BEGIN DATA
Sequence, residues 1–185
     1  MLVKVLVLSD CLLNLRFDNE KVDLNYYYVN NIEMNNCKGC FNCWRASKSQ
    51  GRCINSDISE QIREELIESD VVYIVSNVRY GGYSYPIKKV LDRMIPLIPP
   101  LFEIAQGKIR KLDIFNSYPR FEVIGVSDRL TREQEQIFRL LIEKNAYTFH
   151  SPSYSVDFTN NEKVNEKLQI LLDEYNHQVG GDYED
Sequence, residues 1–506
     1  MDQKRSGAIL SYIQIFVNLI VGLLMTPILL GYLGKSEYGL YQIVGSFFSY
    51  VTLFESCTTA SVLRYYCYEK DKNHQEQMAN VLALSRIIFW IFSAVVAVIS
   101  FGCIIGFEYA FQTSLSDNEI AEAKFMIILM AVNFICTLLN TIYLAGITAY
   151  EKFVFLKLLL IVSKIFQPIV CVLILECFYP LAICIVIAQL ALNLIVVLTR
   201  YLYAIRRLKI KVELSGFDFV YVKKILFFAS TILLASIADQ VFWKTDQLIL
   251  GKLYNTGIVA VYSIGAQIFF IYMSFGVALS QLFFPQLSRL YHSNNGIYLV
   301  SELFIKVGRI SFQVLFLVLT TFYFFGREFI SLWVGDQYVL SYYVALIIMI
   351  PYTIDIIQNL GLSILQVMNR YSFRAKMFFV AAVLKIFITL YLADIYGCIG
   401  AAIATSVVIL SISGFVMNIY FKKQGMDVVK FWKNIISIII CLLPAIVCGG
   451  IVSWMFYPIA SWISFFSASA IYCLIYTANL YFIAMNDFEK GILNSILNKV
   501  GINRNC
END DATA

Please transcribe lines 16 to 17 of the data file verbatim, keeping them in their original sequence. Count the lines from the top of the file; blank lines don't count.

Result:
   451  IVSWMFYPIA SWISFFSASA IYCLIYTANL YFIAMNDFEK GILNSILNKV
   501  GINRNC